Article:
Energy markets more remunerative for renewable power

M. Ramesh | | Updated on: Jan 05, 2021
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In December, IEX recorded its highest-ever trading volume of 7.26 billion units, up 52 per cent year-on-year.

Long term wind and solar prices are going down all the time – solar prices dipped to a wonder ₹1.99 a kWhr last month – but there is another market where the generators get a much higher price: the energy markets. If you are a wind or solar generator you could get even ₹4 a kWhr on a good day.

In December, 90 million units of electricity were sold in what is called the G-TAM (or green term-ahead market) of India’s bigger energy exchange, the IEX. In G-TAM, a buyer or seller of electricity can offer to buy or sell bids for any day in the following 11 days. (That is now, but more extended period contracts will be allowed after a legal glitch is removed.)

IEX introduced G-TAM in August 2020; 549 million wind and solar electricity units have been sold and bought up till December. But here is the meat: December prices ranged between ₹3.60 and ₹4 a kWhr.


In future energy companies could be putting up merchant power plants, where the electricity could be sold on daily or short-term contracts instead of long-term power purchase agreements. Asked about this possibility, Rohit Bajaj, who heads Business Development at IEX, said, “that is 100 per cent on the cards.” Though for starters, generators who build wind and solar power plants under a long term PPA would first over-size their capacities, to be able to sell power from the extra capacity through the markets. For example, if a developer wins a project through a tender for, say, 200 MW, he could build a 225 MW plant, aiming to sell power from the additional 25 MW through the exchange at better prices.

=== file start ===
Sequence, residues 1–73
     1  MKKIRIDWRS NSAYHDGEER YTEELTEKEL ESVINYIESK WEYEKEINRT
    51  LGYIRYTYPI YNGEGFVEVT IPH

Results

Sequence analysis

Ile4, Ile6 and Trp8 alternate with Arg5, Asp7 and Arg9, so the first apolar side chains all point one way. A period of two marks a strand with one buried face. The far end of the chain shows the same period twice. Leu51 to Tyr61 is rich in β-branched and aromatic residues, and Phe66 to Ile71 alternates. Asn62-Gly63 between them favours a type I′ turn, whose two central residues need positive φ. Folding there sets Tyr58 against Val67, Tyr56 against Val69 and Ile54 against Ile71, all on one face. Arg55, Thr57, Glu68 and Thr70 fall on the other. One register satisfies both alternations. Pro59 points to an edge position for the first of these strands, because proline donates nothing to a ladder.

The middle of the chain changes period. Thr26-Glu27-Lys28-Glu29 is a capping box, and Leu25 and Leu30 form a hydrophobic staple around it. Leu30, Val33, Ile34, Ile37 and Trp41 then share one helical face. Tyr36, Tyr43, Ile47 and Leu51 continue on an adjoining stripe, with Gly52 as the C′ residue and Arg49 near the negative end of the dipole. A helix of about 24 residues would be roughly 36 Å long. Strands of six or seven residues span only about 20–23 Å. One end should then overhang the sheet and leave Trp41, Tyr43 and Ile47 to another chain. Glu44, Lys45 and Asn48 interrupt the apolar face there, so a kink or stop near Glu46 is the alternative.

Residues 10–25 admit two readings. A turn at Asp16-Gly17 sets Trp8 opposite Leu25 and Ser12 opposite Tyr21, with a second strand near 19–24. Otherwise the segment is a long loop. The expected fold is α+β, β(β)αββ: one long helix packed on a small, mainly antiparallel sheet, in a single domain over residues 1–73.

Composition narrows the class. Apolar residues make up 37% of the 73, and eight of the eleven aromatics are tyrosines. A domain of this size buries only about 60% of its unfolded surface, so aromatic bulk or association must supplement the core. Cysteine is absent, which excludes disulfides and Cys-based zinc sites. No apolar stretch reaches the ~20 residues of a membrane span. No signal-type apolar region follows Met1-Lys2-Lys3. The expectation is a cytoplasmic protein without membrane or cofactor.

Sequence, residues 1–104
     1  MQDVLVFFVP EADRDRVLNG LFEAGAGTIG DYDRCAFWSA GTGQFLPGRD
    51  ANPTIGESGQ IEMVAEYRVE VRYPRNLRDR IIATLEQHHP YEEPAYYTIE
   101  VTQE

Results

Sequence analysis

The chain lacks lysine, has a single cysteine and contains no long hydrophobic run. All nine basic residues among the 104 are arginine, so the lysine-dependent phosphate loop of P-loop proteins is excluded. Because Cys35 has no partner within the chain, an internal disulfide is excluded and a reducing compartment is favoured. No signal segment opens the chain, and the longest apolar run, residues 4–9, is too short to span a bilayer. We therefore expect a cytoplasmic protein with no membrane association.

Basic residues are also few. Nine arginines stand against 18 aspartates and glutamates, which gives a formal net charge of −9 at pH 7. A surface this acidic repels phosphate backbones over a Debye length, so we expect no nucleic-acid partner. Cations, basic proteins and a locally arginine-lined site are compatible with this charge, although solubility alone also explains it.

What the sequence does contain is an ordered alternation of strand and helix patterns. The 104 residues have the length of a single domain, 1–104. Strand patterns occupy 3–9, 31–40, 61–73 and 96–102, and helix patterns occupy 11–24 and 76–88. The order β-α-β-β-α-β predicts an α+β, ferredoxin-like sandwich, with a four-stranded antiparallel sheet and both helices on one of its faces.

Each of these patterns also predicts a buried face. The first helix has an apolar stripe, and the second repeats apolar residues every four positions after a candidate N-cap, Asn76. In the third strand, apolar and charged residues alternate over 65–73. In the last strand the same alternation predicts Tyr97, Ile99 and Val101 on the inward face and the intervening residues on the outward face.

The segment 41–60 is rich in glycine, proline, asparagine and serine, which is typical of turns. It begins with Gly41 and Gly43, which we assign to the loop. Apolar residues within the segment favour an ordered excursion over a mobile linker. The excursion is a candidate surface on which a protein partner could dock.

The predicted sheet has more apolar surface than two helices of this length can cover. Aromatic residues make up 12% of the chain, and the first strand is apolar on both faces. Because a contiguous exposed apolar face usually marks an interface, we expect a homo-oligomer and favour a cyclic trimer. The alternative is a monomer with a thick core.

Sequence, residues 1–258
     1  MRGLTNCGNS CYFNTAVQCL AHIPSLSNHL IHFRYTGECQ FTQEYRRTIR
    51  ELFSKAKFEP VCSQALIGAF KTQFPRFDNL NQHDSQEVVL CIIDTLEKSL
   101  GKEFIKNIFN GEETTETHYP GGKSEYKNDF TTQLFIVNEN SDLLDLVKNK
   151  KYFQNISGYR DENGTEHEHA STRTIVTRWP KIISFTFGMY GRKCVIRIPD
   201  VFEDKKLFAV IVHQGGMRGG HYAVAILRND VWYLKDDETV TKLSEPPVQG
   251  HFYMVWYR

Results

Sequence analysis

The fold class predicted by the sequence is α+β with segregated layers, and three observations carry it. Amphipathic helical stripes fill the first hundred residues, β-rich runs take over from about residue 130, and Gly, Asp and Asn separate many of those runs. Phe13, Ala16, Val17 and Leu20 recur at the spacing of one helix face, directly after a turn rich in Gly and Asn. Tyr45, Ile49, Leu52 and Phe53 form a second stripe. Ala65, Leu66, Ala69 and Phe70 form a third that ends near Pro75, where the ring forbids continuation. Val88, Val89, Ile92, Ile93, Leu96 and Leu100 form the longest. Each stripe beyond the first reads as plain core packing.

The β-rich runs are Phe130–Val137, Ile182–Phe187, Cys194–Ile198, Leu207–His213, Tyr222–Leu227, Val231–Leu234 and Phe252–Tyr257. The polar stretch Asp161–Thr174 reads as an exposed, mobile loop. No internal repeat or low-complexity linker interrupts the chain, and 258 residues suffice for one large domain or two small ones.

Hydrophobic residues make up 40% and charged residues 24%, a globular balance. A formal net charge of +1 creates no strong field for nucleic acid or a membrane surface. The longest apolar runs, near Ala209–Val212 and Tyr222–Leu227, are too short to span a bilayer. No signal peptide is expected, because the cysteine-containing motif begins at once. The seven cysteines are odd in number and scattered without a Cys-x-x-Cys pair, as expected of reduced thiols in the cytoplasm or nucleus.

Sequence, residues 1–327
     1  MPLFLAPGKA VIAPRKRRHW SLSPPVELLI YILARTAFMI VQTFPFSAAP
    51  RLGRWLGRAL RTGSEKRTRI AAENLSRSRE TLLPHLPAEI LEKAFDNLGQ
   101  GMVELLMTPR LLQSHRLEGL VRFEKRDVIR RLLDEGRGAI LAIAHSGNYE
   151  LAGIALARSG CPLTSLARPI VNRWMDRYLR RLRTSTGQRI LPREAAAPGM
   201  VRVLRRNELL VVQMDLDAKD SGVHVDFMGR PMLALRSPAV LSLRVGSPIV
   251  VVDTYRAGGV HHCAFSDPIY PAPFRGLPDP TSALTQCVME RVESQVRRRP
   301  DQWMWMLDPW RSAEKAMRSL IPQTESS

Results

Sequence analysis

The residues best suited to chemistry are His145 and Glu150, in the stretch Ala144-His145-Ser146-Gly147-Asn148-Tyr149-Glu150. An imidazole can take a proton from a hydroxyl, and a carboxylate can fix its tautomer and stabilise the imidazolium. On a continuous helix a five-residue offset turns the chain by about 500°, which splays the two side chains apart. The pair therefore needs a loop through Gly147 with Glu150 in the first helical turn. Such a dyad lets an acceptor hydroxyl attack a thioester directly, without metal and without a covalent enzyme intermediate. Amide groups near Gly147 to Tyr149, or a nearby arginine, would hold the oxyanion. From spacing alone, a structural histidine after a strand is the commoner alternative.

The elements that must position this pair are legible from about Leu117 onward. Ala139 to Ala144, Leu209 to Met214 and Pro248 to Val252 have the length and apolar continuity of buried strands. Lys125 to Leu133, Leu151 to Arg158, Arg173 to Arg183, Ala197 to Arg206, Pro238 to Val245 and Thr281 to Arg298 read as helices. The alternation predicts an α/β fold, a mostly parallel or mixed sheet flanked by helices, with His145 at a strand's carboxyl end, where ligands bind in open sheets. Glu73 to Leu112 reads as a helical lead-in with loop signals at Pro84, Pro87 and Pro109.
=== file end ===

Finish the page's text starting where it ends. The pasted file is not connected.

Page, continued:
Bajaj said that energy companies were waiting for battery prices to come down. Then, they could store the energy and sell it only when the prices are reasonable. That is when many merchant power plants could crop up.

Record high

In December, IEX recorded its highest-ever trading volume. The exchange, which has been in existence for 12 years, saw 7.26 billion units more electricity traded, 52 per cent more than in December 2019, showing an uptrend in electricity demand. “On 30 December when peak demand touched 182.9 GW, IEX electricity markets underpinning the core values such as most competitive prices, transparent as well as flexible power procurement, contributed to a significant 6.9 per cent of the peak demand met,” says a press release issued by IEX today.


Kochi-Mangalore pipeline

The 450-km Kochi-Mangalore gas pipeline positively impacts IEX, which floated a subsidiary, Indian Gas Exchange, in June last year. IGX got its formal authorisation to operate in December.

With the pipeline, LNG imported at the Kochi terminal will now flow to the industrial city of Mangalore, which has energy-hungry companies like Mangalore Refineries and Petrochemicals, Mangalore Chemicals and Fertilizers and ONGC Petrochemicals Ltd, and several other small and medium industries.

“Whenever transmission infrastructure improves, consumers, move a part of their purchase from long term to short term,” Bajaj observed. As such, more people would be willing to buy gas, short term, through the IGX.

Published on January 05, 2021

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